Back in late 2010, I visited Eurodisney with my family and a friend of mine from the UK and his family. Today, I returned after maybe 25 or 30 years to the mother of all theme parks – Disney World Magic Kingdom in Orlando. So, not only can I compare it to it’s European version but also to my childhood memories. I’ll try to restrain myself somewhat.
First off, then idea of an outside park with unshaded walkways all over the place is a bit, well, insane. Or is it we, the tourists of sultry August, who are nuts? I. Any case, it is scorching hot. No wonder nearly all the rides have aircon! And at a minimum of $3, liquid refreshments were both necessary and a bit excessively expensive. But then Disney is all excess. Excess of kitch. Excess of bonté. Excess of enthusiasm. Excess of commercialism. Taking Orlando in general, it is like Vegas for families. Sprawling and with omnipresent billboards beckoning you to spend more to live more. Sometimes, I could let myself glide and just play along. Other times, I was preoccupied with the onslaught of advertising in all its forms at Disney.
Compared to Eurodisney, the Orlando original feels about 20% larger. The rides are about 80% the same and in roughly the same order. The main thing at the Parisian version that Orlando lacked was a large play area with ladders and slides and tunnels for the kids. Ok, there was the Tom Sawyer Island, but it was really kind of boring and offered little of enduring interest to the youthful visitor despite the respite from the Frontierland crowds. There was also the Swiss Family Robinson Treehouse, but that too was devoid of anything save ladders up and down with no variants or detours possible. I don’t recall Splash Mountain from Eurodisney but it was definitely a highpoint today for the whole family here in Orlando. My wife felt that everything was painted far brighter here than in Paris (but is that the brilliant sunshine of Florida compared to the drisley grey or northern France?) but that she felt the otherworldly quality more in the Parisian version that the Orlando one. Personally, they both have their convenience (one is only 1h from my flat in Paris, the other 4h from my parents in Miami) and their charms but both are, let’s face it, prohibitively expensive. Perhaps the Parisian version has a slight edge because at least one can get there on public transport and thus save on the exorbitant $14 for parking in Orlando. Now, I’ll also need to specify that in Paris, all you get is Magic Kingdom as described here and Hollywood Studios whereas in Orlando you also have Animal Kingdom, Epcot, ESPN, and loads of other sub-parks.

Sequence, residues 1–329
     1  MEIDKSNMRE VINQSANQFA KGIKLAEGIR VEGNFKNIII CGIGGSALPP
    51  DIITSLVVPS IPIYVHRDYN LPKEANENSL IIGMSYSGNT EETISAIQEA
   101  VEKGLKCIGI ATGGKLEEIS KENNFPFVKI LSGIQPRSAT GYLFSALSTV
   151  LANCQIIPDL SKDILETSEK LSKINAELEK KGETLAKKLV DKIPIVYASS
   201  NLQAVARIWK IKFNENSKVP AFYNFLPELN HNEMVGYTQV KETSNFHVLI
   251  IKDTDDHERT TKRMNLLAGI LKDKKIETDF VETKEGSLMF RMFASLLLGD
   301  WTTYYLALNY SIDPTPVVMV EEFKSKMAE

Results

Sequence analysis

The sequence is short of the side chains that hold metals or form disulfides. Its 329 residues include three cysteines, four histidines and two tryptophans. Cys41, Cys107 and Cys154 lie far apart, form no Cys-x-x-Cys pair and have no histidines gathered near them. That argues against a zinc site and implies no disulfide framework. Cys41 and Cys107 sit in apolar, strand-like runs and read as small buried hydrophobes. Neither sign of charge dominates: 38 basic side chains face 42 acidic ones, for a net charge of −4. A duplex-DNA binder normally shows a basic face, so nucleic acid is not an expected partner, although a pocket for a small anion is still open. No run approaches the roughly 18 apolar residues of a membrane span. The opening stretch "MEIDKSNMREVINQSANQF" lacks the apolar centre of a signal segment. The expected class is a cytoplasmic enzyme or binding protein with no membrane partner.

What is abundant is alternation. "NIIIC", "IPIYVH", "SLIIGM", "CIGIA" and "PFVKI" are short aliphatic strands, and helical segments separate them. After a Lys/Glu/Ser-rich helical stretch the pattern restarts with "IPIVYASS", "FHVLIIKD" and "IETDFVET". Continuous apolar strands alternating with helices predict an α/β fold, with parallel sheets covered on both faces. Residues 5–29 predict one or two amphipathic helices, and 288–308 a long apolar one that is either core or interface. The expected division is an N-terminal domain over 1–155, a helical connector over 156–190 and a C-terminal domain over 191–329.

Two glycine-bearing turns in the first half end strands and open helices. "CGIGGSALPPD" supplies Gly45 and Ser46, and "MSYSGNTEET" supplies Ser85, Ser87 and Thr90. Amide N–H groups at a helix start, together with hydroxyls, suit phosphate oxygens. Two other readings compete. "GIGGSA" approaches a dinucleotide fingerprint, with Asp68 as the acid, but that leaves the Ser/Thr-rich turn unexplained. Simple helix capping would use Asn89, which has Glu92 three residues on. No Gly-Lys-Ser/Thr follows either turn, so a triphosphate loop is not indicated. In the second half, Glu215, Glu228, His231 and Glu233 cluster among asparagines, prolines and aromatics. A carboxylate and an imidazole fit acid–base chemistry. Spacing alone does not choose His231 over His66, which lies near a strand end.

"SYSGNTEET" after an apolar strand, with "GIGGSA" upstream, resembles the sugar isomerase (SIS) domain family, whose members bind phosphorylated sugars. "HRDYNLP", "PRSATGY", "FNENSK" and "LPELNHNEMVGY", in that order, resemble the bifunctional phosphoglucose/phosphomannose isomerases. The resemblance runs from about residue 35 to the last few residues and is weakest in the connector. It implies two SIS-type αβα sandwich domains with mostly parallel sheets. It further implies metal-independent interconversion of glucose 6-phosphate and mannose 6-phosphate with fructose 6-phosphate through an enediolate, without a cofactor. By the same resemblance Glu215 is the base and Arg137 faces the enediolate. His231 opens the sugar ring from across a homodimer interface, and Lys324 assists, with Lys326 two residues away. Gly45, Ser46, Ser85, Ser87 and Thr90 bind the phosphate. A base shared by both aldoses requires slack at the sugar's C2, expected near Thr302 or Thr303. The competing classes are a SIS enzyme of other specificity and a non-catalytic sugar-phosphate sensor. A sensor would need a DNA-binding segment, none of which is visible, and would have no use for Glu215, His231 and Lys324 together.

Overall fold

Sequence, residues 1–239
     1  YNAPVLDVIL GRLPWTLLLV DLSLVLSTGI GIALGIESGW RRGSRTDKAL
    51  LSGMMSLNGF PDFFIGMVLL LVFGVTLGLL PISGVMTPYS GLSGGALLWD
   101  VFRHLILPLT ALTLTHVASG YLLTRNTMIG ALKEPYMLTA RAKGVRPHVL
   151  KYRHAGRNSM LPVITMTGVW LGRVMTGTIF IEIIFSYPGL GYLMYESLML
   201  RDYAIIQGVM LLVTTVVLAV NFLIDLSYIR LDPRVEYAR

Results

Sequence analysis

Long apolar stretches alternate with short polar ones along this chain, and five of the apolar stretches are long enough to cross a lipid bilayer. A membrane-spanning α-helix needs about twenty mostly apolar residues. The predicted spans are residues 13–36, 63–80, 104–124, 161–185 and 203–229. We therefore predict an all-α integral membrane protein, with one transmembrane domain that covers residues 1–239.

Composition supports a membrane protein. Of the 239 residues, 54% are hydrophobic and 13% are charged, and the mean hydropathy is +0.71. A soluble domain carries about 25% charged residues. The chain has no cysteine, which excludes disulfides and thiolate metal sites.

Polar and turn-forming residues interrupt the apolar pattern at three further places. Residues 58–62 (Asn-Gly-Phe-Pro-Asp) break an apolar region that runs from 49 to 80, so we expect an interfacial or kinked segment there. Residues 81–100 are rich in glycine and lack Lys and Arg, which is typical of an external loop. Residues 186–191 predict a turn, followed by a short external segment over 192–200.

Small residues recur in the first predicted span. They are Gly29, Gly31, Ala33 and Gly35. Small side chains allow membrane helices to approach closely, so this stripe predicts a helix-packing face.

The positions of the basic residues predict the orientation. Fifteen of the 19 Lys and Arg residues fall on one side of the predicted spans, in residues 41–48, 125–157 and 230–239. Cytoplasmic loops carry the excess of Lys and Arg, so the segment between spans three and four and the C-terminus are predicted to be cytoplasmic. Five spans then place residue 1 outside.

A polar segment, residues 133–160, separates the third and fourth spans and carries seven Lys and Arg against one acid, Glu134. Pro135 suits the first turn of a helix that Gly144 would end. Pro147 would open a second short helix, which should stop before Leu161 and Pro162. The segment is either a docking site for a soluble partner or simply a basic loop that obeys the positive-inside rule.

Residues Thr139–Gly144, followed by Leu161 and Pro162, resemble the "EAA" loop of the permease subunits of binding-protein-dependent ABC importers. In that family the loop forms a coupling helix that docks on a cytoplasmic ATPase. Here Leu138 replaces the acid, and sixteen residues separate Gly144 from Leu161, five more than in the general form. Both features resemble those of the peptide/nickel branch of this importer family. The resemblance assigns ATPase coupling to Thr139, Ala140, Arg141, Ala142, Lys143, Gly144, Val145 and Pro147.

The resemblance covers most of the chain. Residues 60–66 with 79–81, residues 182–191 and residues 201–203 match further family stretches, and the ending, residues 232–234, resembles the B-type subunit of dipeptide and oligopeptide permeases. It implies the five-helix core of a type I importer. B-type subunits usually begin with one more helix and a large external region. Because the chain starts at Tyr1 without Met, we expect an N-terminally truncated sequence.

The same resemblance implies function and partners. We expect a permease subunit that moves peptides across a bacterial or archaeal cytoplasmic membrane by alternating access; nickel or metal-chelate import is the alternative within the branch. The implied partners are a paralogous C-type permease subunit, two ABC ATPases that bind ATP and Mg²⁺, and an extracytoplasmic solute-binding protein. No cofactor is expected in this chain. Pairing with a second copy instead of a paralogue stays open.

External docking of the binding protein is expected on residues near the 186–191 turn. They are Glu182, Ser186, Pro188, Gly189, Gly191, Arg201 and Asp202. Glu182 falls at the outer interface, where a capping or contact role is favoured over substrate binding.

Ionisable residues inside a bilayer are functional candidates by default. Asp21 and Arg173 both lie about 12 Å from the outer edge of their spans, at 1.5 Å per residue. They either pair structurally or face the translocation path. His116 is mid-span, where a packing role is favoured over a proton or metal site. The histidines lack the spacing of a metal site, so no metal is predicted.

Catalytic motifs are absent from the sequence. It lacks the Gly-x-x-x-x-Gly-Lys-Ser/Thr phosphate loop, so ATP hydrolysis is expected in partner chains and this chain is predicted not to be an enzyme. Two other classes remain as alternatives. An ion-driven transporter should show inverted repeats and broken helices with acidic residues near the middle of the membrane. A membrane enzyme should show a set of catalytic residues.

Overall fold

How does Disney stack up to my memories of it? Well, it’s really hard to say because those memories are very dusty and hard to decipher. I already mentioned the commercialism. I think I also was taken back by that a little as a kid because I never returned until now, some 30-odd years later. Everything here is designed for you to purchase something to take home with you. Perhaps that is always the case but here it is so deeply engrained in everything. I was thinking of the movie Toy Story as a good example of this. Now, before Toy Story, the world had never heard of Buzz Lightyear or Woody. Yet, in the movie, these toys are presented as extremely well-known and treasured by kids. It is such a self-fulfilling fantasy because now, of course, kids do really love Buzz and Woody because of the movie. Am I making any sense here? I spent nearly 45 minutes in the sweltering heat for my kid to get his photo with Woody today so I had plenty of time to ruminate. Too much time? Perhaps…
Ok, so tomorrow….Sea World! Shamu, here we come!